Before you move on to this holiday’s other big first-person shooter (that’s Call of Duty: Black Ops II), here’s one last look at Halo 4 from our team of reviewers. GamesBeat’s own Rus McLaughlin already offered his thoughts on Microsoft and 343 Industries’ grand sci-fi adventure. But what does an analyst think about the game’s business potential? And what does a Ph.D. who studies games think of the design? One of these guys liked the game a lot less than the others… .
Halo 4: The critic’s review
- By Rus McLaughlin, GamesBeat staff writer
Halo 4 constantly ups the ante in smart, satisfying ways. Everything might’ve changed under the hood, but 343 did what it set out to do: make a Halo that can stand tall with original developer Bungie’s revered classics. That’s no mean feat. If you want numbers, you get two 8-10 hour campaigns plus a deeply involving multiplayer. That’s a hell of a lot of game for your dollar. Not an Xbox Live Gold member? Wait until mid-January, shell out $10 for a month’s access, and nab all the extra Spartan Ops episodes in one go. Consider that my sound economic advice.
It’s unfortunate that 343 didn’t stretch past the standard Halo playbook instead of falling back to so many recognizable gameplay beats (and I do wonder if that was a conscious decision meant to counter the “Will it be Halo?” doubters), but the gameplay itself offsets those issues. The level design is a precision instrument. Above and beyond that, Halo 4 expertly folds an intimate story into an epic scope, taking risks with iconic characters and sticking the landing every time. The Master Chief was heroic before. Now he’s a hero.
Next time, I’m expecting legendary.
Sponsored by VB
Final critic’s score: 90/100
With Bungie fully exiting the Halo franchise, publisher Microsoft was faced with a fork in the road: Continue the Bungie-fashioned story, which could potentially upset loyal fans of the studio and the Halo franchise, or plow forward as if nothing behind the scenes ever happened. Choosing the latter, it is clear — after the fact — that Microsoft and 343 Industries made the right decision as consumer reception has been universally positive for Halo 4. Add a splash of a few bar-raising single-player and multiplayer features, throw in a $25-million marketing campaign, and a pinch of software and hardware special editions, and you have a brilliantly executed triple-A product.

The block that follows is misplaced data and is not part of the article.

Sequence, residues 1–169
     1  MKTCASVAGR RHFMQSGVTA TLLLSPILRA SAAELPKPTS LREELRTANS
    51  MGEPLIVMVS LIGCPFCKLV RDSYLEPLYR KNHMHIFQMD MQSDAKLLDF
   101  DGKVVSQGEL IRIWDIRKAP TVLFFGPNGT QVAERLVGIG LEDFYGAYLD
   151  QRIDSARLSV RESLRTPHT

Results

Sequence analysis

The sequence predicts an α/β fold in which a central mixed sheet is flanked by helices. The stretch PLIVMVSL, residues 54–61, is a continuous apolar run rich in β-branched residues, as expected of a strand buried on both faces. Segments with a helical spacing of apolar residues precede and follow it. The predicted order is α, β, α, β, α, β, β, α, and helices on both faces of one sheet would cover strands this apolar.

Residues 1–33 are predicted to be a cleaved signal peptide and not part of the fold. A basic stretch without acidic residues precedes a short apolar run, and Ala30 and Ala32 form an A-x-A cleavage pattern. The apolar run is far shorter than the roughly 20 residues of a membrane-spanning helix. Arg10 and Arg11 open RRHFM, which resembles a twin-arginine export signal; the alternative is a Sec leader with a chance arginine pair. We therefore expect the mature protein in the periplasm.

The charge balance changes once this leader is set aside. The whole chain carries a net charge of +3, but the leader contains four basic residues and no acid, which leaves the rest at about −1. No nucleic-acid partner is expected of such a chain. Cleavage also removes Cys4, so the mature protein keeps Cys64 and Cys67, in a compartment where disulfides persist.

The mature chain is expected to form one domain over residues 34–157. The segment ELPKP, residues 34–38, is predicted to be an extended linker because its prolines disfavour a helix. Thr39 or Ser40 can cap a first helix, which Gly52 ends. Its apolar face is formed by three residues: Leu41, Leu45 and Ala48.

It’s rare for any entertainment brand to reach its fifth iteration and still maintain — and in this case grow — its loyal install base. Especially a brand that faced a significant behind-the-scene game changer. In other entertainment verticals, changing of the director or primary cast members is often a death cry and a clear sign that some executive suit is obviously milking any remaining fan equity that a brand may have (I’m looking at you, Saved by the Bell: The New Class). With Halo 4, this isn’t the case, and against all odds, 343 Industries has successfully met the unprecedented high expectations of the 15+ million loyal Halo fans around the world.
Halo 4 is a masterpiece, and while we’ll miss Bungie behind the wheel of the Halo franchise bus, Microsoft and 343 Industries have successfully hurdled an obstacle that few in entertainment have ever accomplished.